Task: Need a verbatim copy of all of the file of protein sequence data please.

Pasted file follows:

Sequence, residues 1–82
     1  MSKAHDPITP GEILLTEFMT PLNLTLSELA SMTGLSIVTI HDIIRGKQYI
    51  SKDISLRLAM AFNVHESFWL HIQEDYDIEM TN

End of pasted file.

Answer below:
Sequence, residues 1–82
     1  MSKAHDPITP GEILLTEFMT PLNLTLSELA SMTGLSIVTI HDIIRGKQYI
    51  SKDISLRLAM AFNVHESFWL HIQEDYDIEM TN